Installation of the one of world’s newest and most powerful supercomputers, MeluXina, in Luxembourg

Cyber attacks are unlikely ever to be eliminated, according to some experts.

“Prevention of security issues is a lost cause,” says Koen Maris, cybersecurity leader at management consultancy PwC Luxembourg. He says that, for organisations, it is better to detect and eliminate an attack as early as possible, instead of “putting all your money in the prevention basket”. 

There certainly is money available. For a country with a population of less than a million people, nearly half of whom hold foreign nationality, the Luxembourg cybersecurity industry is booming. According to LuxInnovation, the national innovation agency, the Grand Duchy has 310 companies working in the field, 80 of which have cybersecurity as their core business. A third of start-ups have cybersecurity as their core.

By comparison, the UK, with a population more than 100 times larger, at 67m, had 1,200 cybersecurity companies at the end of 2019 — less than four times the number in Luxembourg.

Franz Fayot

“We see cybersecurity not only as a defence issue, but also as an economic success factor,” says economy minister Franz Fayot. 

An organisation called Security Made in Lëtzebuerg, set up by the Ministry of the Economy, provides cybersecurity services free of charge. Its UK and French counterparts, the National Cyber Security Centre (NCSC) and the National Cybersecurity Agency (ANSSI), both stem from the French ministry of defence and the UK’s intelligence organisation GCHQ respectively.

“This subtle difference in focus means that the ecosystem [in Luxembourg] is more strongly geared towards business needs, rather than those of the military,” says Laurent de la Vaissière, partner at management consultancy KPMG.

The EU is hoping its investment in supercomputers can help find new coronavirus drugs © AFP via Getty Images

The Luxembourg government is not just focused on protection, but also on supporting its financial industry and remaining an attractive business partner. Investment in expanding technological capacity and infrastructure continues, with projects including MeluXina, a €30m supercomputer that is expected to be completed in May. It is backed by the EU’s EuroHPC network, which has its headquarters in Luxembourg.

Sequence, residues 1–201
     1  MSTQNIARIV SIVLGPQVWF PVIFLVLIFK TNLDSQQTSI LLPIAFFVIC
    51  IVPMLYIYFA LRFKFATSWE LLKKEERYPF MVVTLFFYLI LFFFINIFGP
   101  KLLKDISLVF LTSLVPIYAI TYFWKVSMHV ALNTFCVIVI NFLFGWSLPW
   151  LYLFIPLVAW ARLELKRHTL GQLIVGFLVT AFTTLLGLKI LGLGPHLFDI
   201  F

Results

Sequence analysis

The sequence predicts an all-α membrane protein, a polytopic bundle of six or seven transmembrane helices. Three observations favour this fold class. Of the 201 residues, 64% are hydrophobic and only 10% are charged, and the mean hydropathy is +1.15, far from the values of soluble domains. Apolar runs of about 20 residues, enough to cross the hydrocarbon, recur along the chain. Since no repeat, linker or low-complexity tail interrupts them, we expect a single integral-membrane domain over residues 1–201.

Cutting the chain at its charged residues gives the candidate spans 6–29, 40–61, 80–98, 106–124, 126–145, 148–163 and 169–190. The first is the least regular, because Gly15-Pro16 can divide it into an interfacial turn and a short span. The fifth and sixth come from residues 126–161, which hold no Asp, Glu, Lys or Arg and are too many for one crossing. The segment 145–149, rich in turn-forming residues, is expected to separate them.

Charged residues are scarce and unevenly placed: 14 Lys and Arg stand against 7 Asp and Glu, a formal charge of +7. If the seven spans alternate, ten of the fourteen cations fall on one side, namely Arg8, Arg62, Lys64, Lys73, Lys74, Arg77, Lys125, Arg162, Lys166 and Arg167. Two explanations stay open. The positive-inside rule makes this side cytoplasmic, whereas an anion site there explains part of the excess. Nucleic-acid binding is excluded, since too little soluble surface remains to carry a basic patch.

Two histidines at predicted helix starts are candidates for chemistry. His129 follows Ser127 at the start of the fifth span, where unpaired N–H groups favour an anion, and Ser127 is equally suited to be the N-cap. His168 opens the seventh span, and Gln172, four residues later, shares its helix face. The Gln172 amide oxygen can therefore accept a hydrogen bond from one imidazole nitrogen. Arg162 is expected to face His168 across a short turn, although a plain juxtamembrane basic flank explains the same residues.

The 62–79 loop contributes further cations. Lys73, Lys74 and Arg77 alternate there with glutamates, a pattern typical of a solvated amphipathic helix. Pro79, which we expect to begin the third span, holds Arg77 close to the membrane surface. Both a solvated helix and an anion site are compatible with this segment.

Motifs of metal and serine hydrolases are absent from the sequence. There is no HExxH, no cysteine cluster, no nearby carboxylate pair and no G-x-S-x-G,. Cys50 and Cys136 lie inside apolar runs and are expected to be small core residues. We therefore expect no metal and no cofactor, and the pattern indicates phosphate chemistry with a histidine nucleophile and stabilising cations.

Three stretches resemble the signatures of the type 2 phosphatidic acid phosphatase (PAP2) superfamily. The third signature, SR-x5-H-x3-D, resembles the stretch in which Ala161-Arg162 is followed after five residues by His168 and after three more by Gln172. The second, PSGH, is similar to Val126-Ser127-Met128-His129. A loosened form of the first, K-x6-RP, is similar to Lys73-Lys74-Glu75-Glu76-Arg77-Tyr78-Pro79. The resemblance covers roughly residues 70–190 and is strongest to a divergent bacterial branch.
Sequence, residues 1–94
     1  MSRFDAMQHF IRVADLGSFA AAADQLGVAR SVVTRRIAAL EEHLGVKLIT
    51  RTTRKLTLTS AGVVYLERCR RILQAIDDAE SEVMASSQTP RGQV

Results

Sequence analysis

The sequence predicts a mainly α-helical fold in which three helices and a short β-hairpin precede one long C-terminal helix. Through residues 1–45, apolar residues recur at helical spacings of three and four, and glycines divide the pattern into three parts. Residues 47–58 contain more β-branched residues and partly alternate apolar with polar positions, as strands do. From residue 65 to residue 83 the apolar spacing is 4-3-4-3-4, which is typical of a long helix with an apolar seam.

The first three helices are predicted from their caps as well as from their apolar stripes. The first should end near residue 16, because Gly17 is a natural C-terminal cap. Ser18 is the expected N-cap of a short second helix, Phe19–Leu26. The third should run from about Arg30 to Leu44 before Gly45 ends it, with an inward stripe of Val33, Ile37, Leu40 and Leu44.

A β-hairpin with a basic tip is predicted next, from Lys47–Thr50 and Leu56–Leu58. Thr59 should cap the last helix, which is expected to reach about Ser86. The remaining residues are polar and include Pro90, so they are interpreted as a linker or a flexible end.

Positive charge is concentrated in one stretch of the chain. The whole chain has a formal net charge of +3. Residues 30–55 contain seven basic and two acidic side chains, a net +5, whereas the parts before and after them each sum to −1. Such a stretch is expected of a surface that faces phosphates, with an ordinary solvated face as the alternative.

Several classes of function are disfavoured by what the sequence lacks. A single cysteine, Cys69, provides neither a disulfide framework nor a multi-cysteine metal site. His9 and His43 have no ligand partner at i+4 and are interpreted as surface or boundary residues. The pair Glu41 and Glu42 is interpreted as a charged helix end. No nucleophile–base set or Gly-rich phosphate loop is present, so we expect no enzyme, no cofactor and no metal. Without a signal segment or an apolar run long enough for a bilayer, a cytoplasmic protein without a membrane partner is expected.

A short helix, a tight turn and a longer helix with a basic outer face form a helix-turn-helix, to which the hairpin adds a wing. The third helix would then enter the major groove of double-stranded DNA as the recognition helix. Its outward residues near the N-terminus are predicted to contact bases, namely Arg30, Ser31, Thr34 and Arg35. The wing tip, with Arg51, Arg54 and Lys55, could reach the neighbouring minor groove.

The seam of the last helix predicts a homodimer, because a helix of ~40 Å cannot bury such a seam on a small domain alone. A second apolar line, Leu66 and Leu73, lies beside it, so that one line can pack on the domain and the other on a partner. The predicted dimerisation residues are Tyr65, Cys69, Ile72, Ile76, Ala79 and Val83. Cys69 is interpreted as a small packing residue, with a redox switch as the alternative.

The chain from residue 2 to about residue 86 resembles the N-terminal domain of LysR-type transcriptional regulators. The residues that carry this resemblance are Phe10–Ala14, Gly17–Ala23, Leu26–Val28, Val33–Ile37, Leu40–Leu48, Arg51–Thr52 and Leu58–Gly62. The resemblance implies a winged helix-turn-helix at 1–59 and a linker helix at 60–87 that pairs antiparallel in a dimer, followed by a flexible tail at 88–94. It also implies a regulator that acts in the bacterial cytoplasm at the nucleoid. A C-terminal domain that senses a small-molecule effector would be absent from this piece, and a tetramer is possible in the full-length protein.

High-performance computing (HPC) means using supercomputers to process large and complex bodies of data. From 2020, the EU has proposed its initial €1bn budget for high-performance computing be raised to €8bn, in the hope that supercomputers can help find new coronavirus drugs, fight climate change and optimise manufacturing, among other things. 

The EuroHPC network will include extremely fast petascale supercomputers in Portugal, Czechia, Slovenia and Bulgaria, and even faster pre-exascale supercomputers in Italy, Spain and Finland.

Luxembourg wants more than to be part of this system. It wants to sell it. 

Pascal Bouvry © Eric Devillet

“Aside from politicians, nobody really cares about petaFLOPS [a measure of computing speed],” says Pascal Bouvry, explaining why it is not size that makes MeluXina special.

The professor at Luxembourg University is also CEO of LuxProvide, the company deploying and managing the supercomputer. MeluXina will have a “modular architecture”, allowing applications ranging from modelling and forecasting to big data and artificial intelligence, and through its adaptability hopefully useful in a large range of sectors. 

MeluXina is funded jointly by the EU, which has contributed €10m, and the Luxembourg government, which has spent €20.4m. Once completed, 35 per cent of MeluXina's capacity will support other HPC projects in 33 different European countries (including the UK), and be used free of charge.

Line chart of % of economic output, by type of activity showing Luxembourg's IT sector is  growing

The remaining 65 per cent will be commercially available, “which is unique within the European supercomputer network,” Fayot says. 

However, a 2018 report for the European Commission noted that one challenge may be HPC’s ability to make money from commercial contracts.

Luxembourg plans to use forward sales to provide sustainable long-term revenues. “We have a wide spectrum of customers with very different needs and we need to provide a machine with very different capabilities,” Bouvry says.

Luxembourg can bring stakeholders together quickly and easily owing to its small size. Because it is building its HPC system from scratch, it does not have the problem of different systems competing with one another.

A government-funded network of Tier IV data centres (the most reliable type of data centre), which house servers and storage facilities, was already in place. 

“Over the past decade, major infrastructure investments have been made, notably in extensive broadband networks, international connectivity and state-of-the-art highly secured data centres,” Fayot says. In 2017, 40 per cent of Europe’s Tier IV data centres were in Luxembourg. 

Luxembourg is aiming high with cybersecurity, and with good reason. “In the beginning of the internet, [attacks were] easy to prevent,” Maris says. “If you wanted to segregate yourself from the evils of the internet, you put up a firewall.

“Nowadays, we are outnumbered. The number of attacks and attackers are far higher than the number of people on the other side defending [against] and detecting the attacks.” 

This story is part of a special report Luxembourg: Data and Innovation.

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